User: krishnan
Functions: awk cut grep netstat sort uniq
0

cut -f1,2 - IP range 16

cut -f1,2,3 - IP range 24

cut -f1,2,3,4 - IP range 24

svn status | grep "^M" | while read entry; do file=`echo $entry | awk '{print $2}'`; echo $file; svn revert $file; done
2012-06-17 16:01:06
User: wsams
Functions: awk echo grep read
0

This command allows you to revert every modified file one-by-one in a while loop, but also after "echo $file;" you can do any sort of processing you might want to add before the revert happens.

awk -F'\t' '{print $0 >>$5.tsv}'
2012-05-16 18:18:16
User: pykler
Functions: awk
Tags: awk split tsv
0

Will split the std input lines into files grouped by the 5th column content.

cal 04 2012 | awk '{ $7 && X=$7 } END { print X }'
2012-05-06 23:43:21
User: flatcap
Functions: awk cal
2

If your locale has Monday as the first day of the week, like mine in the UK, change the two $7 into $6

echo `disklabel mfid1s4 | sed -n '$p' | awk '{print $2}'` / 1024 / 1024 | bc -l
cal 04 2012 | awk 'NF <= 7 { print $7 }' | grep -v "^$" | tail -1
2012-05-03 16:57:45
User: javidjamae
Functions: awk cal grep tail
-2

This is a little trickier than finding the last Sunday, because you know the last Sunday is in the first position of the last line. The trick is to use the NF less than or equal to 7 so it picks up all the lines then grep out any empty lines.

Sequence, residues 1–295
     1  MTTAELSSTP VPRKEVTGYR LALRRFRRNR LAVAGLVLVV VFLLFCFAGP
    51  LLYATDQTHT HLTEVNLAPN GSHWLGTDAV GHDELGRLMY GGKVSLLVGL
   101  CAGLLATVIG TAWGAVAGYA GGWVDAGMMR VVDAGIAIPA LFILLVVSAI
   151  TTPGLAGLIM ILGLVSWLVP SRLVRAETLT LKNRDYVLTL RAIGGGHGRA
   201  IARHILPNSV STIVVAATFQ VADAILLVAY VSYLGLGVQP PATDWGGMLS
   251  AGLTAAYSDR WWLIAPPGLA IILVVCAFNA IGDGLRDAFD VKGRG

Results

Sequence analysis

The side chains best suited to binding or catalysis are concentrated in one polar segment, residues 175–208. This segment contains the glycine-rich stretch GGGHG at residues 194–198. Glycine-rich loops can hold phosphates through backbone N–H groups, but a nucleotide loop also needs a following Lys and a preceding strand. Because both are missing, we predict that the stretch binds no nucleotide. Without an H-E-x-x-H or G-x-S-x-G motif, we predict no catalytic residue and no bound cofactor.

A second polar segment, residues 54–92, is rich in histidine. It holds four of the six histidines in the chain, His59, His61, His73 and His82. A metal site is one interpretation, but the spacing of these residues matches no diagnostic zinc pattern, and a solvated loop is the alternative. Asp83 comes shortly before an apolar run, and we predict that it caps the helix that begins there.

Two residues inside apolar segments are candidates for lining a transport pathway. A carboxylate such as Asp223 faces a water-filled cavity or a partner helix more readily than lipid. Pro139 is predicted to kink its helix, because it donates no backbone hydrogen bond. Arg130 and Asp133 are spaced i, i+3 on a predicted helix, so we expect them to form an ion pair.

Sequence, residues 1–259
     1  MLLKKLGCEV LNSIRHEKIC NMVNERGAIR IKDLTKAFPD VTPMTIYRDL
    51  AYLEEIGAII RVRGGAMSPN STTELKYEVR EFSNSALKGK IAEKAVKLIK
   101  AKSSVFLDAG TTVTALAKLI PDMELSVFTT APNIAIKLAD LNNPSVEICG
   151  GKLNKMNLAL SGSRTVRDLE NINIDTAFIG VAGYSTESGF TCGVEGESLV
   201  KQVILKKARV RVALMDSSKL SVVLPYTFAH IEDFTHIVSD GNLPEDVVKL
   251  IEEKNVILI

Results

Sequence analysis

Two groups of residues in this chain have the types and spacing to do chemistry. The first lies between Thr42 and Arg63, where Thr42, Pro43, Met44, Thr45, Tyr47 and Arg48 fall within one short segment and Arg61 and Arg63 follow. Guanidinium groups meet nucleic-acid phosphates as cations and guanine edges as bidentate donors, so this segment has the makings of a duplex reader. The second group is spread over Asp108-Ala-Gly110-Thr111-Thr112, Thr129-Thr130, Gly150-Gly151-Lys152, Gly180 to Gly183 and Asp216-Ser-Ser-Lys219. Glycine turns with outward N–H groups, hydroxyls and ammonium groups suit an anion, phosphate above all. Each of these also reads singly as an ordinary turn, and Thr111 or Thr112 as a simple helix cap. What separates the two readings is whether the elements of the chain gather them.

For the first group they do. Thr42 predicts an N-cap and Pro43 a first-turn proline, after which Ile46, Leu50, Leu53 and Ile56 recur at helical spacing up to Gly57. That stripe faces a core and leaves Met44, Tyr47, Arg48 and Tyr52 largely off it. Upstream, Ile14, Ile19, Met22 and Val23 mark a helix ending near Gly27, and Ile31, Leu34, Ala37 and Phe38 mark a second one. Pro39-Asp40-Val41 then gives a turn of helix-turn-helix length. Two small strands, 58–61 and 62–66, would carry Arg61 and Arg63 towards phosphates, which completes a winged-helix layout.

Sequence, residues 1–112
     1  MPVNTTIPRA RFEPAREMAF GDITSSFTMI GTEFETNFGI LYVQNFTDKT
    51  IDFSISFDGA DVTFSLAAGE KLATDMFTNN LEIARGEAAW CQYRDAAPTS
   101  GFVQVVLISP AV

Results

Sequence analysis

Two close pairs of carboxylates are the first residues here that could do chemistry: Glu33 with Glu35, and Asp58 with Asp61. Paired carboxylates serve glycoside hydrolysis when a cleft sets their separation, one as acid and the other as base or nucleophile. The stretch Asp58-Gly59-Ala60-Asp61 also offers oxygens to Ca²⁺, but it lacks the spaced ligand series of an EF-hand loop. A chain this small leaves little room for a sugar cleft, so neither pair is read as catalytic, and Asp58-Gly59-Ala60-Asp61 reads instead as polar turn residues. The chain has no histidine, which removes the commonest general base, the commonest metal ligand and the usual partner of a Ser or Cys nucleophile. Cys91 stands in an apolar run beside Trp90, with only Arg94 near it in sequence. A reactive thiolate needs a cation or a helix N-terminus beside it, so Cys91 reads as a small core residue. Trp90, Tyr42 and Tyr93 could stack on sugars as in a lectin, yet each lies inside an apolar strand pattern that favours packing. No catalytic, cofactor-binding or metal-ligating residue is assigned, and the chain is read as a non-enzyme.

lynx -dump http://www.cooks4arab.com | awk '/http/{print $2}' | egrep "^https{0,1}"
lynx -dump http://www.domain.com | awk '/http/{print $2}' | egrep "^https{0,1}"
for k in $(git branch | sed /\*/d); do echo "$(git log -1 --pretty=format:"%ct" $k) $k"; done | sort -r | awk '{print $2}'
2012-04-07 11:19:00
User: dahuie
Functions: awk echo sed sort
Tags: bash git sed awk
0

Simpler and without all of the coloring gimmicks. This just returns a list of branches with the most recent first. This should be useful for cleaning your remotes.

ps h --ppid $(cat /var/run/apache2.pid) | awk '{print"-p " $1}' | xargs sudo strace